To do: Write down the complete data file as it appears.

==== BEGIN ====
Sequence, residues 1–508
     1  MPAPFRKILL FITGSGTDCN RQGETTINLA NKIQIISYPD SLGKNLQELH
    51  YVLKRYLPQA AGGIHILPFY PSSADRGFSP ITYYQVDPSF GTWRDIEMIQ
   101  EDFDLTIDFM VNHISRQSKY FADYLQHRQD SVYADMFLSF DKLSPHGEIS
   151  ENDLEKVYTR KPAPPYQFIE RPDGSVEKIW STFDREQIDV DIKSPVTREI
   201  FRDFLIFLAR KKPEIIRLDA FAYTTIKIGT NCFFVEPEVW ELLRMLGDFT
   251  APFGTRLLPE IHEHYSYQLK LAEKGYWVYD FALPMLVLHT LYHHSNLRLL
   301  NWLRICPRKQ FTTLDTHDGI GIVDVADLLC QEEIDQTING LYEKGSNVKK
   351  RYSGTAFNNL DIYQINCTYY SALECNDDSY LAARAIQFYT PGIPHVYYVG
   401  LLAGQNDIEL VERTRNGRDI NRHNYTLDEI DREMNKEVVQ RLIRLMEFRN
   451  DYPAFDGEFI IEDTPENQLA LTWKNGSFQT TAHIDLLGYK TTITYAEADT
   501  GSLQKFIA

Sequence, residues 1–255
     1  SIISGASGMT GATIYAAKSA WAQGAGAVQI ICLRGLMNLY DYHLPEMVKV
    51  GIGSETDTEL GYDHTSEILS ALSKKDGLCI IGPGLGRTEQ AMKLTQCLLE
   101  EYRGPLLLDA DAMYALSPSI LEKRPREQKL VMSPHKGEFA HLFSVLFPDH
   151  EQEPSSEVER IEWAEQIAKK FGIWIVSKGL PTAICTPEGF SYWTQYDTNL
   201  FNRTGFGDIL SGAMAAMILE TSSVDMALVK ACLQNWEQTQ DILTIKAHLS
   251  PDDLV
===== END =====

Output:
Sequence, residues 1–508
     1  MPAPFRKILL FITGSGTDCN RQGETTINLA NKIQIISYPD SLGKNLQELH
    51  YVLKRYLPQA AGGIHILPFY PSSADRGFSP ITYYQVDPSF GTWRDIEMIQ
   101  EDFDLTIDFM VNHISRQSKY FADYLQHRQD SVYADMFLSF DKLSPHGEIS
   151  ENDLEKVYTR KPAPPYQFIE RPDGSVEKIW STFDREQIDV DIKSPVTREI
   201  FRDFLIFLAR KKPEIIRLDA FAYTTIKIGT NCFFVEPEVW ELLRMLGDFT
   251  APFGTRLLPE IHEHYSYQLK LAEKGYWVYD FALPMLVLHT LYHHSNLRLL
   301  NWLRICPRKQ FTTLDTHDGI GIVDVADLLC QEEIDQTING LYEKGSNVKK
   351  RYSGTAFNNL DIYQINCTYY SALECNDDSY LAARAIQFYT PGIPHVYYVG
   401  LLAGQNDIEL VERTRNGRDI NRHNYTLDEI DREMNKEVVQ RLIRLMEFRN
   451  DYPAFDGEFI IEDTPENQLA LTWKNGSFQT TAHIDLLGYK TTITYAEADT
   501  GSLQKFIA

Sequence, residues 1–255
     1  SIISGASGMT GATIYAAKSA WAQGAGAVQI ICLRGLMNLY DYHLPEMVKV
    51  GIGSETDTEL GYDHTSEILS ALSKKDGLCI IGPGLGRTEQ AMKLTQCLLE
   101  EYRGPLLLDA DAMYALSPSI LEKRPREQKL VMSPHKGEFA HLFSVLFPDH
   151  EQEPSSEVER IEWAEQIAKK FGIWIVSKGL PTAICTPEGF SYWTQYDTNL
   201  FNRTGFGDIL SGAMAAMILE TSSVDMALVK ACLQNWEQTQ DILTIKAHLS
   251  PDDLV